Elizabeth McKenzie: The Portable Veblen (2016)

The Portable Veblen

There are a few things you might see differently after having read The Portable Veblen—squirrels, marriage, clinical trials, mental health, consumerism, Thorstein Veblen. What I’m trying to say – this is a novel that’s as quirky as it is serious. But the best of all: the voice is stunning and as witty as it is clever. Looking at some of the topics this novel explores—dsyfunctional families, PTSD, pharmaceutical companies, mental illness— one wouldn’t think it would be funny, but it is. I really loved this book and it’s main narrator Veblen Amundsen-Hovda.

Veblen, named after Thorstein Veblen, author of The Theory of the Leisure Class, is a self-declared “cheerer-upper” with a narcissistic, hypochondriac and controlling mother. Veblen is obsessed with squirrels, translates from the Norwegian in her free time and is highly suspicious of everything that whiffs of consumerism.

Veblen espoused the Veblenian opinion that wanting a big house full of cheaply produced versions of so-called luxury items was the greatest soul-sucking trap of modern civilization, and that these copycat mansions away from the heart and soul of a city had ensnared their overmortgaged owners – yes, trapped and relocated them like pests.

She’s engaged to Paul, a neurologist who works for a shady pharmaceutical company and gives her the most ridiculously huge engagement ring. All of her life, Veblen has been crushed by her mother. Her dad is in a mental institution and her step-dad always takes her mother’s side. Nonetheless, her mother and her mother’s opinion are important. So far, neither Veblen nor Paul have met their respective parents. Both are wary of a meeting. Veblen because she’s afraid of what crushing things her mother might say about the engagement and her fiancé, and Paul because he’s ashamed of his parents, hippies who were anything but good parents.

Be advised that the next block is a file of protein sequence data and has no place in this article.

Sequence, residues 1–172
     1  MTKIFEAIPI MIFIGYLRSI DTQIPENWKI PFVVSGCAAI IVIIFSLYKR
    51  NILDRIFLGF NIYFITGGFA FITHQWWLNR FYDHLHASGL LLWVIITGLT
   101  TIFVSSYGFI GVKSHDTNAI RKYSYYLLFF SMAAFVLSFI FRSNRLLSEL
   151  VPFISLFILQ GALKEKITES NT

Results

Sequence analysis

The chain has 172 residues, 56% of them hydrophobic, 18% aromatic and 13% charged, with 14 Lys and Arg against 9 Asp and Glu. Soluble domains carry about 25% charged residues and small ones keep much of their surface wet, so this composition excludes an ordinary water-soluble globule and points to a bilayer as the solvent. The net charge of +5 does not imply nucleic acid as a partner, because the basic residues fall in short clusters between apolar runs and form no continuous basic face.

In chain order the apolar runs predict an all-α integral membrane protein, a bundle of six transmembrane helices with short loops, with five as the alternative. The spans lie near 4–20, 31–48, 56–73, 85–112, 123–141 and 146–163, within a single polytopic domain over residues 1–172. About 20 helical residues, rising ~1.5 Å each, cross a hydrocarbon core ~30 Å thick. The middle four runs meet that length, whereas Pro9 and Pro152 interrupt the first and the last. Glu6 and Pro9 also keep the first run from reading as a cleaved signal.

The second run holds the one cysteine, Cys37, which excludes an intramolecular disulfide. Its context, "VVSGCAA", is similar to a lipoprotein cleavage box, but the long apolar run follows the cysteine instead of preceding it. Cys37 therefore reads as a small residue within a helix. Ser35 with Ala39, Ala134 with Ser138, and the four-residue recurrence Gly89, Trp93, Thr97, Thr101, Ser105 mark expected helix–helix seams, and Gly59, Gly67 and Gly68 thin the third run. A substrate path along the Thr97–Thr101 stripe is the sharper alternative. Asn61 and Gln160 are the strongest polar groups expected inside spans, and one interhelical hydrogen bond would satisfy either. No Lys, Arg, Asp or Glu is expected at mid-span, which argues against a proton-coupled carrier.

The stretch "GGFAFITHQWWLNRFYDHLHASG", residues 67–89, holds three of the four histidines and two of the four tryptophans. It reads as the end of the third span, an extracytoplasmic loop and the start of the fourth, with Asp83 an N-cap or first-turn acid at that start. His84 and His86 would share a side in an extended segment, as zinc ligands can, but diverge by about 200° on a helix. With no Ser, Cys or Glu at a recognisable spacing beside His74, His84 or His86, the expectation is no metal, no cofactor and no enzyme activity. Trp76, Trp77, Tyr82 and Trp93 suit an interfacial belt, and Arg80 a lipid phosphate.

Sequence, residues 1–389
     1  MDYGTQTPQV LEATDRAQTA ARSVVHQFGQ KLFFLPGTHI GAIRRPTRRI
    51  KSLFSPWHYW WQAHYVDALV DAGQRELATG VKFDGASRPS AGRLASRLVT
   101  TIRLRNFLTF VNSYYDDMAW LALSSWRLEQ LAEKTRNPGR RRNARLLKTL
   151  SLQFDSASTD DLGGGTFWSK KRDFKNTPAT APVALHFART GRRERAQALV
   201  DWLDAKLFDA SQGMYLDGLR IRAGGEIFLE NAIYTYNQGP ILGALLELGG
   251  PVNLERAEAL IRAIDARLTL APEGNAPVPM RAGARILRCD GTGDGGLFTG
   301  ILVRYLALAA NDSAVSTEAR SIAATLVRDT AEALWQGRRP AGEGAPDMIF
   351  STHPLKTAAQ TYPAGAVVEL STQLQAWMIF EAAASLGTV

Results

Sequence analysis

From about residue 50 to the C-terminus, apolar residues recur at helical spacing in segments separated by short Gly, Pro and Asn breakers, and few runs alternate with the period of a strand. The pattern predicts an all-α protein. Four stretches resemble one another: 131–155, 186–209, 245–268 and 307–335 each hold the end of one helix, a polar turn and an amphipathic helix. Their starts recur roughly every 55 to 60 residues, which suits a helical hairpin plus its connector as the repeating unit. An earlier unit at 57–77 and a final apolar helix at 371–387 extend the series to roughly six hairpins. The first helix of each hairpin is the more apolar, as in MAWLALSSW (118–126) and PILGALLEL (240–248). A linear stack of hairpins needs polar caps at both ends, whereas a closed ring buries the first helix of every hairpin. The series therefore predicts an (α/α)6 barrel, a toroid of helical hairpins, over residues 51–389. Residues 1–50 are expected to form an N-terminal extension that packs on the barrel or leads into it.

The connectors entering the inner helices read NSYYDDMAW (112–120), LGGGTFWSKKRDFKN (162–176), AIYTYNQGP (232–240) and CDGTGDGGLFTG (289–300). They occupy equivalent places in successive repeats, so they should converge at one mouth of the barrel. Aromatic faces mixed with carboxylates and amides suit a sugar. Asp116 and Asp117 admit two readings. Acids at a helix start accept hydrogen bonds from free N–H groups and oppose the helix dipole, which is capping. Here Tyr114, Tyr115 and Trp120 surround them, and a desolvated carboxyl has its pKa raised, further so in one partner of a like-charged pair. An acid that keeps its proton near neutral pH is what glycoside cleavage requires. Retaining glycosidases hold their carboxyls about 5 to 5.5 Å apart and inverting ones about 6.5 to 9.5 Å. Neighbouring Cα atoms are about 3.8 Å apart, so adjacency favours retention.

Just to give you an idea of what Veblen has to deal with. That’s her thinking of telling her mother about the engagement:

She had an internal clock set to her mother’s hunger for news, but sometimes it felt good to ignore it.

Then she went back inside and grabbed the phone to spring the news on her mother. Nothing being fully real until such springing. And nothing with her mother ever simple and straightforward either, and that was the thrill of it. A perverse infantile thrill necessary to life.

And this is how the phone call goes:

“Well. Did you say yes for all the right reasons?”

The coffeemaker gurgled and hissed, a tired old friend doing its best. “I think so.”

“Marriage is not the point of a woman’s life. Do you understand that?”

“By now.”

“Do you love him?”

“I do, actually.”

“Is everything between you, good, sexually?”

“Mom, please! Boundaries or whatever.”

“Don’t say boundaries like every teenage twerp on TV.”

It bothered Veblen’s mother that most people were lazy and had given up original thought a long time ago, stealing stale phrases from the media like magpies.

 

The main question at the heart of the story is: should anyone get married, especially when coming from a dysfunctional family? It takes Veblen a long time to make up her mind – the whole novel – and most of it involves hilarious scenes. Her mother is one of those parents that, while toxic, still has a lot going for her. I loved all the scenes that involved her. I equally enjoyed the passages in which we see Veblen on her own. Some of the chapters are told from Paul’s POV and those weren’t my favourites. He’s not a character that could stand on his own, he always needs to clash with another one to be interesting.

This might be one of the wittiest books I’ve read in a long time. But it’s also charming and profound. I’ve seen a few people comment that they found the book confusing. I didn’t. Most of the crazy moments are due to Veblen’s attempts at staying sane. Dissociation and escape into a fantasy world in which squirrels communicate with her, are coping mechanisms. As cheerful as Veblen seems, she is someone who has been crushed and whose lack of self-confidence is painful. That a lot of her composure comes from taking medication, is equally tragic. It may sound paradoxical, but given her upbringing, she’s doing well.

As I said, I enjoyed The Portable Veblen a great deal. It’s s such a clever book.

I wasn’t surprised to find it on the short list for the 2016 Bailey’s Prize for Fiction.